Flawed system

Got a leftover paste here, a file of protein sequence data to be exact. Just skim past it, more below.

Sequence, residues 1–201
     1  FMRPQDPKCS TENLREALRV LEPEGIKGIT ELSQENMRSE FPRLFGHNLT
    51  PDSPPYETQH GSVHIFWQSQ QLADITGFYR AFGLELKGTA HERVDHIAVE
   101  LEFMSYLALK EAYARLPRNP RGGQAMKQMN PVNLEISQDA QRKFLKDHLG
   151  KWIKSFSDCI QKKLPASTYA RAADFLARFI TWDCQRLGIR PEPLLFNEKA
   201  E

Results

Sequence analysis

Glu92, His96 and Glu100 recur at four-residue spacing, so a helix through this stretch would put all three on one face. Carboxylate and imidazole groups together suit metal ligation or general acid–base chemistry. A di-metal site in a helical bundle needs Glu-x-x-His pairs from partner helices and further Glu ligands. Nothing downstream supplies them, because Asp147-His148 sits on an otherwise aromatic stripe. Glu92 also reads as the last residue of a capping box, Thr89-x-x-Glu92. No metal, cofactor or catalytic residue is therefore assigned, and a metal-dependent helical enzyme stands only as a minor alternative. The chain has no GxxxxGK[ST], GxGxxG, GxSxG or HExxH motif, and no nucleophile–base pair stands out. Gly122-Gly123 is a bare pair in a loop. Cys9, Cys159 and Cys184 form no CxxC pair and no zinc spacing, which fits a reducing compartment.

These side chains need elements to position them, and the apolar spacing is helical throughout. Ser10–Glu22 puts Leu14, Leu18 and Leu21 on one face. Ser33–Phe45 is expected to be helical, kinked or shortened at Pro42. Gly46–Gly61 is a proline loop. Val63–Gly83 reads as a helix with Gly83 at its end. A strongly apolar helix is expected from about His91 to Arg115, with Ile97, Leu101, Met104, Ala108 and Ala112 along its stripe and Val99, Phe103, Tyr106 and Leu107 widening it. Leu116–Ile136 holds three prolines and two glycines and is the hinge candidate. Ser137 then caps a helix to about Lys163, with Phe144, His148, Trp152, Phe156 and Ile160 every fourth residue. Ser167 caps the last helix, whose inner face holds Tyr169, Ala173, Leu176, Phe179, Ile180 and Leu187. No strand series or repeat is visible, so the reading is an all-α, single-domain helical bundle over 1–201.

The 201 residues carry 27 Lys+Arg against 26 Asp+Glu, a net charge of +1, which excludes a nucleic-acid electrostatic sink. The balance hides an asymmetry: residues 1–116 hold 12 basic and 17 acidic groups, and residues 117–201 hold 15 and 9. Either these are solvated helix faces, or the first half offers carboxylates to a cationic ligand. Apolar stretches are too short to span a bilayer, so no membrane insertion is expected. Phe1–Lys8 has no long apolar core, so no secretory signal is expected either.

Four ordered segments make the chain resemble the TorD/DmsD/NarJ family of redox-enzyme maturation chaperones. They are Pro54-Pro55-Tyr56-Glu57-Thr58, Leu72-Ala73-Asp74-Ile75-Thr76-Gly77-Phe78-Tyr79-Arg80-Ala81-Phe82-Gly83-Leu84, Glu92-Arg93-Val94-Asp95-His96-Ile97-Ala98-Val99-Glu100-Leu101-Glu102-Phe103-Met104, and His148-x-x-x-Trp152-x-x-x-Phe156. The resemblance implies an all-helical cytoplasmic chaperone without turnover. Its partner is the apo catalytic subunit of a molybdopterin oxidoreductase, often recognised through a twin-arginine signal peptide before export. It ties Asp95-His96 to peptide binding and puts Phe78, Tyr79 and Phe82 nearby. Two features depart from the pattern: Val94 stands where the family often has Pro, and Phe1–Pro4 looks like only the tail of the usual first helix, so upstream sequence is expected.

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The Delhi fire tragedy is an ugly manifestation of a system where the preciousness of human lives is belittled and a corrupt culture triumphs. Reports have shockingly revealed that the Karol Bagh hotel in the heart of the country’s capital, in which 17 people including a child were burnt alive last week had brazenly flouted fire safety and construction norms, yet possessed a no objection certificate (NoC) from the fire department. The hotel had six floors, including a terrace covered by highly inflammable material, instead of the permissible four storeys. Even more shocking, the fire safety system was non-functional & fire alarm non-existent, with no emergency exit in sight. Though the Delhi Municipal Corporation has ordered a probe in the incident and Delhi government assured to investigate the manner in which a NoC was obtained despite flouting norms, the malaise appears to be more wide-spread. Similar high-rise buildings going beyond permissible limits and with poor fire safety or other requisites are glaringly visible not only in Delhi but across the country. If the rules can so easily be subverted in the capital city, one can well imagine the fate of buildings in many other cities functioning with full impunity. The incident is reminiscent of the shocking Uphaar tragedy two decades ago in which nearly 60 people were killed and over 100 injured. It is evident that nothing has been learnt from past mistakes. This is primarily because of the existence of corrupt system, insensitivity of the administration towards issues of human safety and a limp legal justice system. The Uphaar cinema hall tragedy is a case in point. It took about 15 years to hold someone accountable in the case but the convicted owners eventually got away by paying monetary compensation which in no way compensates for human lives. The attitudes and the functionality of the system is rooted in the impunity that previous violators have enjoyed. There are thousands of illegally operating hotels and other structures in Delhi alone because of non-implementation of existing law. Things have deteriorated post 2017 due to the parliamentary legislation ‘Special Provision Act’ according to which illegal structures in Delhi are protected from demolition or sealing till December 31, 2020. With such laws to protect, the procedures for norms have also been violated more blatantly. It is difficult to put a finger at any single flaw in the system that allows such tragedies to take place and fails to hold people accountable for criminal neglect. Such incidents are a culmination of various factors. The Karol Bagh tragedy is once again a wake-up call to assess the many problems with the way buildings are constructed, the poor urban planning, quality of electricity which enhances risks of short-circuits and the manner in which citizens are conditioned to respond to instances of fire. The belated arrival of fire tenders, the shortage of staff, infrastructure and vehicles in fire stations is an off-shoot of the flawed system. So is the absence of awareness among people about things like fire safety and the knowledge about ways to respond to such calamities. Fire safety drills form an important component of education in many countries but is sadly missing here. The problem cannot be treated as Delhi centric. Fire incidents have been shockingly taking place in many buildings including hospitals. Few months ago, 8 patients died and over 150 were injured in a Mumbai hospital. A hospital in Bhubaneshwar was caught in a blaze two years ago and claimed 22 lives. One of the most shocking cases in recent memory is of Kolkatta’s AMRI hospital blaze that claimed over 90 lives. The ease with which such incidents are forgotten about within a matter of days is shocking. There is dire need to take the issue of fire incidents seriously, come out with a holistic assessment of the issue and re-design and remodel the cities and the existing systems to meet the challenge.